Federal reserve definition
The Federal Reserve System, referred to as the Federal Reserve or the Fed, is the United States of America’s central banking system.
On December 23, 1913, the Federal Reserve Act created the system after a series of financial shocks caused the need for central control of monetary policy to prevent future crises.
What is the role of the US Federal Reserve?
The Federal Reserve System is the United States central bank. It performs five functions to promote the US economy’s effective operation and protect its interest.
- The Fed governs the nation’s monetary policy to encourage maximum employment and price stability, while controlling interest rates and inflation in the US economy
- The Fed promotes financial stability and seeks to control and contain risks by active monitoring and engagement in the US and overseas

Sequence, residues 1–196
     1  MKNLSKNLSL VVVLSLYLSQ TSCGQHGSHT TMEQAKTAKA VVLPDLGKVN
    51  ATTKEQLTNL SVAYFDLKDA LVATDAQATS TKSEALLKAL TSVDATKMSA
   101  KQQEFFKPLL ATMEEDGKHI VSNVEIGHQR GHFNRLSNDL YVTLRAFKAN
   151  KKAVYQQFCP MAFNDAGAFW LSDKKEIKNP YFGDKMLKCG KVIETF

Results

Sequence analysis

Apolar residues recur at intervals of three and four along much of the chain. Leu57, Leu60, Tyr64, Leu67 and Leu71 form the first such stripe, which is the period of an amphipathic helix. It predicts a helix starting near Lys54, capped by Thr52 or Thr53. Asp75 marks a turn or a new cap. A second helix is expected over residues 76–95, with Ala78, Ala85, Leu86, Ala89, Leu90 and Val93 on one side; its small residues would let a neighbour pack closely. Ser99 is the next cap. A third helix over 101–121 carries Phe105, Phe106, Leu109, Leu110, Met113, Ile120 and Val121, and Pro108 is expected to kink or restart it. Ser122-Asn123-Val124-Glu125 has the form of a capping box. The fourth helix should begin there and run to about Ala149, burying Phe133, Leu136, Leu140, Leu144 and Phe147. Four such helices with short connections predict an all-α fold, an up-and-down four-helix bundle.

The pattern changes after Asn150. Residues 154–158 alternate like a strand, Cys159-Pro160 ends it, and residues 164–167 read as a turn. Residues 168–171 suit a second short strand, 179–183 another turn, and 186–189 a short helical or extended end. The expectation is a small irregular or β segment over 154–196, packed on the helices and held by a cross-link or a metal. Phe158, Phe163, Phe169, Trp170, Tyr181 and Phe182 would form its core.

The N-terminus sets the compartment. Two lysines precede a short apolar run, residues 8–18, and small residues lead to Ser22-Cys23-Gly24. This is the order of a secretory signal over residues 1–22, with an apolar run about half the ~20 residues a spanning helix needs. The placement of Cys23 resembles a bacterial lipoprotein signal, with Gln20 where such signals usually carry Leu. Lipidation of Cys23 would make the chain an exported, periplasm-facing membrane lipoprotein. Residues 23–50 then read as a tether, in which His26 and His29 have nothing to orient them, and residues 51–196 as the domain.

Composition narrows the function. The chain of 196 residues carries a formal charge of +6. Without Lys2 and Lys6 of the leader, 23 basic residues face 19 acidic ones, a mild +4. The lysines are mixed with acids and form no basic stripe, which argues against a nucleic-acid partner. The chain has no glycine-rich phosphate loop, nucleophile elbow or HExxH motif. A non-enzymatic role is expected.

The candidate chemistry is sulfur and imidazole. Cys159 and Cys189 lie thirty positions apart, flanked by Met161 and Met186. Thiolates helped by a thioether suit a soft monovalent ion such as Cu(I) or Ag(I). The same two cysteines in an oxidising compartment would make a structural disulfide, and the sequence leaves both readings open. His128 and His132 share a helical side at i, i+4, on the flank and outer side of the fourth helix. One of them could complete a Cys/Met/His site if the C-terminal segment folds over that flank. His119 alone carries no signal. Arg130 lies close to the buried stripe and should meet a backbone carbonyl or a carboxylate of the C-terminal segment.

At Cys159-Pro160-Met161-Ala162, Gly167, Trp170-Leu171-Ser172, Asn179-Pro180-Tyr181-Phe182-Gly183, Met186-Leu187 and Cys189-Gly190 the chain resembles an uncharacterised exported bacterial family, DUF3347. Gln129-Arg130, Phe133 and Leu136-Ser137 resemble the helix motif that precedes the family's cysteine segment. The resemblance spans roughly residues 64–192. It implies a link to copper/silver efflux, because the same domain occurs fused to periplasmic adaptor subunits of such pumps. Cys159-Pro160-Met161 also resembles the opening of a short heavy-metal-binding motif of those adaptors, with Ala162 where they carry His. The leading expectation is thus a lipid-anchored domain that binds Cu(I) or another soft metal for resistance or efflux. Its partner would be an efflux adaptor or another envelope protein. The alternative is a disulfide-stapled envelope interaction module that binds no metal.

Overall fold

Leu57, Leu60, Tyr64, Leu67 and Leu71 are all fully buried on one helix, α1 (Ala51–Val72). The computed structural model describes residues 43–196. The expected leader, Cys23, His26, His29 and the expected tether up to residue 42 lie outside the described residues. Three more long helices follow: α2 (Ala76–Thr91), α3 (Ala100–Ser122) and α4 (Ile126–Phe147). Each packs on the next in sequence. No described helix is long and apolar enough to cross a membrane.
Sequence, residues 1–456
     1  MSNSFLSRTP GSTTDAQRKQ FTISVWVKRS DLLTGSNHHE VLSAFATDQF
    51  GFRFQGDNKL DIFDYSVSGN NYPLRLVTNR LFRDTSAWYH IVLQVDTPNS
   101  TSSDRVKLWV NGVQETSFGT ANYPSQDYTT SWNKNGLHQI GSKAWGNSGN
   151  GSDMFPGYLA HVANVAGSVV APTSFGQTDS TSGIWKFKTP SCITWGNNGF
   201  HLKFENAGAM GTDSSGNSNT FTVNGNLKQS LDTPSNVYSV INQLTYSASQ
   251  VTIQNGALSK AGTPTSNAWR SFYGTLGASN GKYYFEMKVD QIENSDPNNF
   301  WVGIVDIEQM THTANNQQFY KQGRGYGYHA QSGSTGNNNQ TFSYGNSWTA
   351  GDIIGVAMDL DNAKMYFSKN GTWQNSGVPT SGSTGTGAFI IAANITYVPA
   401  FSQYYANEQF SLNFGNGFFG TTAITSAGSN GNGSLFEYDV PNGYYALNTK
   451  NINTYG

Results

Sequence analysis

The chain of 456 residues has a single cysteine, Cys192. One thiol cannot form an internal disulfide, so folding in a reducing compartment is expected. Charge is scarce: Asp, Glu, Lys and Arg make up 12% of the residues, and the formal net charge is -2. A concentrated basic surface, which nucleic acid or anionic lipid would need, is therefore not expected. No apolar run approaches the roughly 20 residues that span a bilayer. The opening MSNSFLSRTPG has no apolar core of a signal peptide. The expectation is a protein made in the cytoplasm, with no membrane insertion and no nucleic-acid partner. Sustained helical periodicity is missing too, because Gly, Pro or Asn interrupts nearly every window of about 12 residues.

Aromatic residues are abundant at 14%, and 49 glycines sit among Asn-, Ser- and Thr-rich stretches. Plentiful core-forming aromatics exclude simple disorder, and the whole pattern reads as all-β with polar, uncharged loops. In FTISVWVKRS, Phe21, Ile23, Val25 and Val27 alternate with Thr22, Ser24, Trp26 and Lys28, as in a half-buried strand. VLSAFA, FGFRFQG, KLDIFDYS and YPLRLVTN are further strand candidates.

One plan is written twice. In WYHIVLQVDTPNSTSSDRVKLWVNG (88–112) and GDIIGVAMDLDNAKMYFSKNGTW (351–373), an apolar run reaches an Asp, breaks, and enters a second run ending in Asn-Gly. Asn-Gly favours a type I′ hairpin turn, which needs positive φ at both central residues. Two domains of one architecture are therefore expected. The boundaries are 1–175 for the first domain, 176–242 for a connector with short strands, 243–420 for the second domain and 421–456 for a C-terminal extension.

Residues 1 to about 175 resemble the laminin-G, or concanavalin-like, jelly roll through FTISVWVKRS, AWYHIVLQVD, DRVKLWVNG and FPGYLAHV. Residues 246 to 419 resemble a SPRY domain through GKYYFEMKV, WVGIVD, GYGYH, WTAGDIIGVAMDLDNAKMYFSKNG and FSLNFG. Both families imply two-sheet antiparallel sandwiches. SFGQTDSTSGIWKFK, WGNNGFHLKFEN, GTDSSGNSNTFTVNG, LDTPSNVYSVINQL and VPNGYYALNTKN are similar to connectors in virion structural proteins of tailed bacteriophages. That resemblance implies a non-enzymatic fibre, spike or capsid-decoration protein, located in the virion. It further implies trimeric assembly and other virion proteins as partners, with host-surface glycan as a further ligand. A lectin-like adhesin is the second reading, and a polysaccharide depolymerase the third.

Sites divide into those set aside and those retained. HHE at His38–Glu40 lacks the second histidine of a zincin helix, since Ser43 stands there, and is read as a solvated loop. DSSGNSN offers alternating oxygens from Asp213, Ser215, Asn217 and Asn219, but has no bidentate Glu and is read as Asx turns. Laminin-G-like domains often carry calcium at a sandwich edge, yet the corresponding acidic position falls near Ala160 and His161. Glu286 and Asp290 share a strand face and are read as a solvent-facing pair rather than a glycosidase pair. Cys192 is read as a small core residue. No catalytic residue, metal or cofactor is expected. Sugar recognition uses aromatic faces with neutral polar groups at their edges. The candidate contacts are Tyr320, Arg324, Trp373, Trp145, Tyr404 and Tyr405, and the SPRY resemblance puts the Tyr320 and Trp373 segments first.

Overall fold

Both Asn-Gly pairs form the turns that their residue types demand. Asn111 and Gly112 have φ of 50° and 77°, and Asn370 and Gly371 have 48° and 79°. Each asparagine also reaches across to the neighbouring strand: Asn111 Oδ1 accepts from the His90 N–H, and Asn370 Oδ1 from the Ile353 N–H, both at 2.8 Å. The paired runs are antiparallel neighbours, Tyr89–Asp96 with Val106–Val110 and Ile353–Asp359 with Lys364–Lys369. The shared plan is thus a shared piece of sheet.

- It underpins the safety and compliance of financial institutions, while monitoring their financial system’s impact
- It harnesses payments and settlements safety and efficiency through services to the banking industry and the US government
- The Fed promotes both consumer protection and community development through supervision and examination, and the administration of consumer laws and regulations